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Map of the world showing population exposed to air pollution above WHO levels



BLUE GROWTH IS GREEN GROWTH - A rose by any other name would smell as sweet. But this map of air pollution levels tells us that the air we are breathing is pretty disgusting, with India and China right up their with Africa. Check out carbon monoxide as a gas that kills humans. The countries with black circles need to clean up their act, because lung cancer kills around 8 million people a year.





'Green Growth' is another name for 'Blue Growth.' They both mean fostering economic growth and development, while ensuring that natural assets continue to provide the resources and environmental services on which our well-being relies.


To do this countries must catalyse investment and innovation which will underpin sustained growth and give rise to new economic opportunities. But they must realise, that their present course of action is un-sustainable, and de-couple from the economic strategies that have caused the problem.


Improvements in efficiency can only stave off the inevitable for so long, buying politicians, who are dyed in the wool climate criminals, a few more years in power.


Change of course, means tightening your belts, not going beyond the abilities of the planet to repair and sustain life. We have already exceeded those limits many times over. Politicians will not like to hear this, because they like to promise a good time, as the ruse to get themselves elected. If a candidate tells it like it is, they will not become president or prime minister because the voting public, en-masse, are gullible, not armed with the facts, and liable to believe fake news.


For example, Boris Johnson, used 'Brexit' as a battering ram to sway his own party members, and British voters, to elect him Prime Minister, but the figures upon which he mounted his election campaign have since been disproved. He had to be able to lie effectively to achieve this, even deceiving Her Majesty Queen Elizabeth as to suspending (the famous unlawful prorogue of) parliament. Itself, a fake (false) move to help him get elected. Mr Johnson also promised green growth, cheap energy, electric cars, and more. But failed to deliver on such promises, using green growth more as greenwashing blah, blah, blah. As Greta Thunberg would say.





Darren Woods lied to Congress, allegedly, about fossil fuels and climate change



GERIATRIC UNDERTAKER - Companies that pay politicians to lobby for them, to continue with fossil fuels and impede the introduction of electric vehicles and green hydrogen, or other sustainable fuels, should be prosecuted for human rights violations.






There are now 47 Adherents to the 2009 OECD Declaration on Green Growth. Romania has joined Costa Rica, Colombia, Croatia, Bulgaria, Georgia, Kazakhstan, Latvia, Lithuania, Morocco, Peru, Tunisia, as well as OECD members in having adhered to the Declaration. Latest reports are now available on Brazil, New Zealand, Slovak Republic, Slovenia, Korea, Latvia and Zambia.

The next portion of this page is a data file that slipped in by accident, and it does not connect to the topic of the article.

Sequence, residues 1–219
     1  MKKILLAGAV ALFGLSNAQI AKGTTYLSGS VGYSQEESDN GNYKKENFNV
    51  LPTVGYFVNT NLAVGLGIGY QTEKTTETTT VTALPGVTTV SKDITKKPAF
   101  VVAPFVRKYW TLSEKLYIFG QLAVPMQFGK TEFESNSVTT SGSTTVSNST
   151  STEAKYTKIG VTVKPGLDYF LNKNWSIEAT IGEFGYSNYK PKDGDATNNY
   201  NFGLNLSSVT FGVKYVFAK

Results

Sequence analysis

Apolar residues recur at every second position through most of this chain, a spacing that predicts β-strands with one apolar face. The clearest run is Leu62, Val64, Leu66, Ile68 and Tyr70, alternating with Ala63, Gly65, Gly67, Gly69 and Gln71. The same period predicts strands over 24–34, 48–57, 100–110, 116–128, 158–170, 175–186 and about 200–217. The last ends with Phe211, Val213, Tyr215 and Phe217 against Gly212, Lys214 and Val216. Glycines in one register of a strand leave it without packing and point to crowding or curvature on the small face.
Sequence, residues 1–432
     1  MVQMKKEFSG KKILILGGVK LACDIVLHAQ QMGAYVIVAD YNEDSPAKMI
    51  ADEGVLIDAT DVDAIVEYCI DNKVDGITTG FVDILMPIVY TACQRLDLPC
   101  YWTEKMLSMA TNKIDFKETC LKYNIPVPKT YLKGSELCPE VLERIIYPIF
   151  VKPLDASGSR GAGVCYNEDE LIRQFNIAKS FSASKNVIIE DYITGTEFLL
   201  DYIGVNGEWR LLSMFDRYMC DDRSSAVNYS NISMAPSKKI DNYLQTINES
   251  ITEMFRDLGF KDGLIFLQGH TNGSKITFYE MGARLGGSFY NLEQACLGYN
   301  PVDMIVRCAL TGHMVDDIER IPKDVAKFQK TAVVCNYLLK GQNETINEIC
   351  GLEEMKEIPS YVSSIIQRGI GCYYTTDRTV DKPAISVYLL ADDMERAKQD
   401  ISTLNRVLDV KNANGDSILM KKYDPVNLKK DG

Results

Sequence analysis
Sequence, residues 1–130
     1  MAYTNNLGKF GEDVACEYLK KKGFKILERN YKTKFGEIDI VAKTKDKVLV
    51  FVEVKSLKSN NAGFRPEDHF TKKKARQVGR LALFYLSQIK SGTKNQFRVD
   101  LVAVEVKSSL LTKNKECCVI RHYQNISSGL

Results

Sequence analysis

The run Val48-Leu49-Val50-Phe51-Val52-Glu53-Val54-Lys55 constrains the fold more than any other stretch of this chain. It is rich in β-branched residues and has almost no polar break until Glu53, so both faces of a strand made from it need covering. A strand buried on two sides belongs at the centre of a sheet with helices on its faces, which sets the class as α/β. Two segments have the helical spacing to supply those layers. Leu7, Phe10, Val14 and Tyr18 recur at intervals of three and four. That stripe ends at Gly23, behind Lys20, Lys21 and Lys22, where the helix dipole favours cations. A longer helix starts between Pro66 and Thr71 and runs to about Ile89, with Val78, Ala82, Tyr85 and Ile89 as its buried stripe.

In May 2011, the OECD delivered its Green Growth Strategy to Heads of State and Ministers from over forty countries, who (apparently) welcomed it as a useful tool for expanding economic growth and job creation through more sustainable use of natural resources, efficiencies in the use of energy, and valuation of ecosystem services. The Strategy responds to a request from Ministers of the 34 countries who signed the Green Growth Declaration in 2009, committing to strengthen their efforts to pursue green growth strategies as part of their response to the economic crisis and beyond.











Green growth is a term to describe a hypothetical path of economic growth that is environmentally sustainable. It is based on the understanding that as long as economic growth remains a predominant goal, a decoupling of economic growth from resource use and adverse environmental impacts is required. As such, green growth is closely related to the concepts of green economy and low-carbon or sustainable development. A main driver for green growth is the transition towards sustainable energy systems. Advocates of green growth policies argue that well-implemented green policies can create opportunities for employment in sectors such as renewable energy, green agriculture, or sustainable forestry.

Several countries and international organizations, such as the Organisation for Economic Co-operation and Development (OECD), World Bank, and United Nations, have developed strategies on green growth; others, such as the Global Green Growth Institute (GGGI), are specifically dedicated to the issue. The term green growth has been used to describe national or international strategies, for example as part of economic recovery from the COVID-19 recession, often framed as a green recovery.